Since the Deepwater Horizon Oil Rig exploded in 2010, BP has made a lot of big talk about their commitment to the Gulf.  They paint themselves as suffering martyrs trying to protect the Gulf from an unavoidable disaster, or, even worse, as heroes who have come in to bear the burden of fixing a disaster caused by others.  But, let’s not forget what they did to earn this responsibility.

The BP Oil Spill is the largest oil spill in US History.  During the 87 days of the spill, over 200 million gallons of crude oil flooded into the Gulf of Mexico.  Over 16, 000 miles of coastline was affected by the spill.  And even though the well was capped in 2010, oil continues to wash up on the shores of Texas, Louisiana, Mississippi, Alabama, and Florida.

Between the Deepwater Horizon explosion and the Texas City Refinery explosion, BP has been directly responsible for 26 deaths in the Gulf States over the past decade.  Additionally, 17 people were injured in the Deepwater Horizon explosion and over 175 people were injured at the Texas City Refinery Explosion.

BP is responsible for 97% of all EPA violations in North America over the past three years.  (http://www.ritholtz.com/blog/2010/06/bp-violations-and-spills/)  At the time of the Deepwater Horizon explosion, BP was responsible for 80% of the current violations in North America. So, not only were they negligent at the time of the explosion, but they continue to disregard public and environmental safety

BP chose to use the dispersant Corexit during the clean-up, over more efficient and less harmful alternatives as a cost saving measure.  The use of Corexit is banned in the Europe due to its harmful effects.   To date, residents of the coast and clean-up workers continue to report respiratory problems and skin rashes.  Furthermore, the use of Corexit merely caused the oil to sink.  It did not help remove the oil from the water, it only helped remove the oil from the sight of residents and, more importantly, news cameras.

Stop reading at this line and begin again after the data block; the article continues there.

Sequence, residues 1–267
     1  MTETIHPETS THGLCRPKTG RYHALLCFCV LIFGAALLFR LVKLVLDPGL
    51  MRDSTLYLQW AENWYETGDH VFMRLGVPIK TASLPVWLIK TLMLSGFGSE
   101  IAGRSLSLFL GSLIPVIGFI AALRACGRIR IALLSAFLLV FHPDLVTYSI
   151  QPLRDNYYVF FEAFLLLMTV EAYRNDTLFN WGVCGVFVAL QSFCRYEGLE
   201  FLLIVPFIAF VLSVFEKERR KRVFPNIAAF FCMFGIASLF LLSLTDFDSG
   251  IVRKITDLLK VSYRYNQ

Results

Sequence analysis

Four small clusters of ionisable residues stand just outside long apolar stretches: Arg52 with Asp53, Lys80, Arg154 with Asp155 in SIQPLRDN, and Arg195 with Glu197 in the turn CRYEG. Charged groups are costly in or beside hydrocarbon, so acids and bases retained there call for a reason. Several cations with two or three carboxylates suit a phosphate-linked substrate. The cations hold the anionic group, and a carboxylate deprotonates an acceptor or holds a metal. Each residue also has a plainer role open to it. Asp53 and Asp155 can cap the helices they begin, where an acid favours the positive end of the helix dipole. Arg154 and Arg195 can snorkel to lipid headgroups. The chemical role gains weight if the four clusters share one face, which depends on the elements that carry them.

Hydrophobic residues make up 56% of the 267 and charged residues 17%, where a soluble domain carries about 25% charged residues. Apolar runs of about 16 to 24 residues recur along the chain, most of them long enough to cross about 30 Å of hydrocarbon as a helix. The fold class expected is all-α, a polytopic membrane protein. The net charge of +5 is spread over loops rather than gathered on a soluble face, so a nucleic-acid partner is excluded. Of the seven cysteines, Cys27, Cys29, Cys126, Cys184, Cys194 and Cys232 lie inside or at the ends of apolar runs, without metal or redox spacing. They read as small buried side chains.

Since the explosion and spill, BP plead guilty to 11 Felonies related to the DWH explosion, including manslaughter.  In the same plea, BP also admitted guilt in two misdemeanors and one felony count of obstruction of justice.  While this is particularly alarming, it should be noted that by pleading guilty, BP was able to immunize itself from additional criminal charges resulting from the spill.  One can only speculate how many charges would have surfaced if BP had plead innocent and investigations had continued.

Nearly 4 years after the spill, over 100,000 victims and businesses remain unpaid for damages suffered as a result of the spill.  Between the inefficiency of the Gulf Coast Claims Facility and the complexities of the Deepwater Horizon Settlement, thousands of legitimate claims were either wrongfully denied or simply fell through the cracks into a paperwork nightmare.  This is a far cry from the speed recovery that was promised by BP and Kenneth Feinberg, the attorney who managed the GCCF, who promised at that start of the program that individual claimants would receive payment in 48 hours and businesses within one week.

And, during all of this, Tony Heyward, the CEO of BP, only wants to “get back to his life”

BP’s commitment to the Gulf is not due to some high minded sense of dedication.  It is the result of BP being forced to reconcile their flagrant disrespect and criminal negligence towards both personal and environmental safety.  And, despite all of this, BP’s profits continue to grow.

But, there is still hope.  If you have suffered as a result of the BP Oil Spill, there are still actions that you can take to get the compensation you deserve.  Fill out the contact form on this website or call 1-877-272-3224.  Our teams of attorneys and accountants will help you get the money you are due.  It’s not too late to make BP pay.